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UK financial services firms up tech investments to fuel new services
Driven by the need to offer new services, as well as meet industry regulations, UK financial services firms are increasing spending on IT
Despite financial services business volumes remaining flat and overall business optimism not improving, many UK financial services companies expect to significantly increase their spending on IT in the year ahead to support new services.
Meeting regulations around open banking and data privacy are also areas where funds are being directed.
According to a survey of finance firms carried from the Confederation of British Industry (CBI) and PricewaterhouseCoopers (PwC), the number of firms that expect to significantly increase their IT spending over the next 12 months rose 70%.
This is compared with a 20% rise in the number increasing spending on marketing, a 5% in rise in those spending on land and buildings, and a fall of 9% spending on vehicles, plant and machinery.
Some 72% of respondents said the main reason for the additional overall investment in the business was to offer new services. With many new services built on digital financial services technology, known as fintech, this fuels spending on IT.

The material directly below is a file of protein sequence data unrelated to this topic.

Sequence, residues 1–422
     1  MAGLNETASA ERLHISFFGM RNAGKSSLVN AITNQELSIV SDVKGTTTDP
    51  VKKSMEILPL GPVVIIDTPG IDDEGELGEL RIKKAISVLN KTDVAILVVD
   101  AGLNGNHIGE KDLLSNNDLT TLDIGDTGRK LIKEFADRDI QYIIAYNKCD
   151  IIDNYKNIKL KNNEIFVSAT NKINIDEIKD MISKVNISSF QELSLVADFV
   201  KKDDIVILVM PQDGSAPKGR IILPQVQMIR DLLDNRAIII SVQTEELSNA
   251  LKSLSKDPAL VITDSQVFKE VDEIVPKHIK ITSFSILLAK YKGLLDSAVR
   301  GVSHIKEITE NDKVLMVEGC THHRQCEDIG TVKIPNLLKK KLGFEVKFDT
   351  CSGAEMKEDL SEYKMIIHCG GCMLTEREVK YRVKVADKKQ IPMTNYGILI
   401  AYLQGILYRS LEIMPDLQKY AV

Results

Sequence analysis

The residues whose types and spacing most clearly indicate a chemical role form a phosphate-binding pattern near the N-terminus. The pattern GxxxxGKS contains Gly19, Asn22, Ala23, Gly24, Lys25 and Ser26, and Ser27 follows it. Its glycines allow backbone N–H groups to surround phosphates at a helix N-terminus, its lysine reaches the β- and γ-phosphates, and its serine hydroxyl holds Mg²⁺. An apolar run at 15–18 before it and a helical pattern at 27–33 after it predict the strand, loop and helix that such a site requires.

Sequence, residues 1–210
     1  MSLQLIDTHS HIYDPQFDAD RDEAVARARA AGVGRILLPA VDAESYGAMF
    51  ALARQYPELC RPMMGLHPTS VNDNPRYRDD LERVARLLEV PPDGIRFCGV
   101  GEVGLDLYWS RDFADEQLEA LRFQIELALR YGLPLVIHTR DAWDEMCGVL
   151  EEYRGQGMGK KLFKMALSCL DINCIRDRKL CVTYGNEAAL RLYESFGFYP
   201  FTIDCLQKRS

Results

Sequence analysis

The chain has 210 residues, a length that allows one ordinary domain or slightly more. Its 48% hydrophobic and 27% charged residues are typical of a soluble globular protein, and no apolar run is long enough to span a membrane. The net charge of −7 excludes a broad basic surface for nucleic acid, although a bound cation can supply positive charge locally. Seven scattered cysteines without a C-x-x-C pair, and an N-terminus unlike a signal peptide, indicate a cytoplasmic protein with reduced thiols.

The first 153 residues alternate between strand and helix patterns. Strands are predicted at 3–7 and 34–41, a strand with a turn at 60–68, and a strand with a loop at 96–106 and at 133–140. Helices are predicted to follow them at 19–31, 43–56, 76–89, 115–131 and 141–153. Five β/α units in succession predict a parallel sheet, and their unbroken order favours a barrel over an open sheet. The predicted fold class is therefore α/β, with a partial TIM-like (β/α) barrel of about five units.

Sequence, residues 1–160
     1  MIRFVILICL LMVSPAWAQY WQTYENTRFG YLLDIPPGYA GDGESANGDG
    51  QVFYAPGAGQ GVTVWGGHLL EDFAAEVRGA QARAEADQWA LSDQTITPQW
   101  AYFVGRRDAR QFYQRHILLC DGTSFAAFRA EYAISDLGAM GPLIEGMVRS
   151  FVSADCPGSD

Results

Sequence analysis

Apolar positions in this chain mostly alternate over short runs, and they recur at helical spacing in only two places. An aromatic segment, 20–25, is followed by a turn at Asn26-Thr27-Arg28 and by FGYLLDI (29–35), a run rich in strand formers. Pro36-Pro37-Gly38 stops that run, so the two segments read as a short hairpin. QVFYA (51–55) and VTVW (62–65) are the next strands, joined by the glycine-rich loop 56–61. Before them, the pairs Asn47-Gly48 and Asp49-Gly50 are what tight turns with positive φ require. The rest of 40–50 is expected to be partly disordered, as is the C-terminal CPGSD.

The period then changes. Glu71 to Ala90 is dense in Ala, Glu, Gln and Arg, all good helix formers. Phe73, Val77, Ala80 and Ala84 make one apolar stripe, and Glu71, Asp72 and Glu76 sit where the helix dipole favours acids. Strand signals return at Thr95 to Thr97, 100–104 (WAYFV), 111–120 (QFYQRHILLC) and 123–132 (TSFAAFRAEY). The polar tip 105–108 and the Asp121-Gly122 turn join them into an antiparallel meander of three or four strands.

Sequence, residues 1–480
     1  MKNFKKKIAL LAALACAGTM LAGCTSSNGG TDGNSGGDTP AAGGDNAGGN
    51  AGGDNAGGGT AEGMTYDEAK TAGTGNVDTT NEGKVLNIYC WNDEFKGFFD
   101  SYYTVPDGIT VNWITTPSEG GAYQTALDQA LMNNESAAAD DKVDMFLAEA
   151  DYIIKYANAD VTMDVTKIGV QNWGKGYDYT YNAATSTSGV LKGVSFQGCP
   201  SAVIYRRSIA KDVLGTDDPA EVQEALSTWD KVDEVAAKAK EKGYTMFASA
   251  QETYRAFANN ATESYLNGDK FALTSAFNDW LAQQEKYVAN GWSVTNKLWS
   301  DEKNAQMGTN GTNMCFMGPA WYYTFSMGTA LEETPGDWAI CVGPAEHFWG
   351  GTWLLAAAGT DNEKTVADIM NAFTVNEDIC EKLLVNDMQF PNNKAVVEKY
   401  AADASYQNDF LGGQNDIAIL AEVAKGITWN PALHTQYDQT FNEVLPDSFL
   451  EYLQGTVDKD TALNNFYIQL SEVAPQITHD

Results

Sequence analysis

Rain Newton-Smith, CBI chief economist, said: “Despite fairly subdued growth last quarter, it’s good to see financial firms stepping up hiring and investment, with digital technologies and new services seen as the best way to grow in a fiercely competitive environment.”
Open banking/Payment Services Directive (PSD2) regulation, as well as General Data Protection Regulation (GDPR) rules, are also fuelling investment, which involves significant IT work. They expect this spending to continue increasing over the next 12 months.
The EU’s PSD2 and the Competition and Markets Authority’s (CMA’s) rules for open banking in the UK mean banks must be able to give third-party financial services suppliers access to customer data, if the customer agrees, through application programming interfaces (APIs).
Meanwhile, GDPR is set to protect the privacy of citizens, which means banks that hold significant personal data on customers have to ensure it is secure.
“[Regulatory spending] is currently marked as their most important barrier to growth,” said the report.
Andrew Kail, head of financial services at PwC, said: “Reflecting on GDPR, 67% of financial services firms feel confident and 29% very confident about meeting the practical demands of the regulation, which captures the significant time and investment companies have made.”
But Brexit is still an area of uncertainty for the industry. “[Brexit-related] location planning, people movements and client retention remain at the top of the agenda, despite the extra time afforded by the transition period,” said Kail. “Firms are expecting further progress to be made at the negotiation tables of Brussels and Westminster.”
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